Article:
Skip to content

N.S. rampage victim's husband says police secrecy could foster distrust

In the absence of information, Nick Beaton says a sense of unease is percolating in his community.

In the absence of information, Nick Beaton says a sense of unease is percolating in his community.

Towns across central and northern Nova Scotia have been shattered by an unprecedented spree of violence that claimed the lives of 22 victims, including his pregnant wife, Kristen Beaton.

The grieving widower is haunted by questions about how the killer evaded capture by disguising himself as an RCMP officer during his murderous rampage from late Saturday night to Sunday morning.

But he said the Mounties haven't been forthcoming with answers.

"We just need some transparency," he said in an interview. "(Police) aren't trusting anyone right now, because they're still shaken, and so are we."

On Sunday morning, Beaton said, he and his wife lay in bed and scrolled through Facebook posts about a shooter in Portapique, about a half hour's drive from their Belmont home.

They assumed that the threat had passed.

But after his wife, a continuing care assistant, drove off to see a client, Beaton learned more on social media and called to warn her that the perpetrator was still in the area. He sent her the suspect's photo, but she never saw the text message, he said.

Minutes after he got off the phone, he said, 33-year-old Kristen Beaton and her Victorian Order of Nurses co-worker Heather O'Brien were dead. Beaton said it took him more than six hours and multiple 911 calls to confirm that the mother of his nearly two-year-old son wasn't coming home.

In the days since, he says he's been forced to conduct his own investigation into what happened. While he respects that a police probe is underway, he doesn't understand why the RCMP haven't supplied basic details, such as where his wife was murdered.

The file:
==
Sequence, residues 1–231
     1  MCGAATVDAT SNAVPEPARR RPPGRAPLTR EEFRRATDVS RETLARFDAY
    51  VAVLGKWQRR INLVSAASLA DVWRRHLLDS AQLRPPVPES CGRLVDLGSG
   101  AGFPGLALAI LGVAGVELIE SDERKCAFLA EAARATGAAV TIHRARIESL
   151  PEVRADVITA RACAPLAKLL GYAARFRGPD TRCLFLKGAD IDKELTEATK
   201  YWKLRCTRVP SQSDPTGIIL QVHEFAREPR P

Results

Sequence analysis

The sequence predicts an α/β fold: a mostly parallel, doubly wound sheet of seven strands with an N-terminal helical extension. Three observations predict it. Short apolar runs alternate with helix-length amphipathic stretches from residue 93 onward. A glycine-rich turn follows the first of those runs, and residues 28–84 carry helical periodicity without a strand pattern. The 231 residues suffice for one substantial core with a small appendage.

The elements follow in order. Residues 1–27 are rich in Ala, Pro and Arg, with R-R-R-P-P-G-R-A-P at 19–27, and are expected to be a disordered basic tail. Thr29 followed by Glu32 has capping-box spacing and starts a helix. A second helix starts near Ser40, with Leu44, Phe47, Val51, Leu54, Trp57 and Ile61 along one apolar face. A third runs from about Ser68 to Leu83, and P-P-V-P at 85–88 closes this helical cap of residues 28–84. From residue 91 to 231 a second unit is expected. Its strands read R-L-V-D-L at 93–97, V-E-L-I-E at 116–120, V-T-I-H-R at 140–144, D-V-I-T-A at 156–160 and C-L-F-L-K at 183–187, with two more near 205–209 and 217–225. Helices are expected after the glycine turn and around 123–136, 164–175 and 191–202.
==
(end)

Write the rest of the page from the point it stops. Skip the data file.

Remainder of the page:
He also wants to know why the RCMP relied on Twitter to relay critical public safety information when they had an emergency alert system at their disposal.

"If they had put out an alert the night before, my wife would still be alive," Beaton said by phone Thursday, choking back emotion. "We would have had breakfast together this morning."

The RCMP and the province have had to answer questions this week about why a warning wasn't pushed to Nova Scotians' cellphones and televisions when it was clear a murderer was on the loose.

Premier Stephen McNeil has said emergency officials couldn't act until the RCMP had prepared an approved alert. The Mounties said Wednesday they were crafting a message when the gunman was fatally shot by police in Enfield, N.S., just before noon on Sunday.

RCMP Chief Supt. Chris Leather has suggested that crossed wires with provincial officials and within the chain of command were to blame for the delay.

Beaton appreciates that officers are human and prone to making mistakes, particularly in the heat of a manhunt for a suspect dressed as one of their own. But he said the RCMP's lack of transparency about their investigation has done little to restore the trust in police that the killer exploited to commit mass murder.

"He wants us scared of officers. He wants to rattle the nation," Nick Beaton said of the gunman, adding that many fearful locals now keep weapons at their sides. "Everyone's scared to death, and there's going to be situations that come with that."

This report by The Canadian Press was first published April 24, 2020.

Adina Bresge, The Canadian Press

Rogers Sports & Media
6080 Young Street Halifax, NS, B3K 5L2
© 2006-2023 Rogers Sports & Media. All rights reserved.
push icon
Be the first to read breaking stories. Enable push notifications on your device. Disable anytime.
No thanks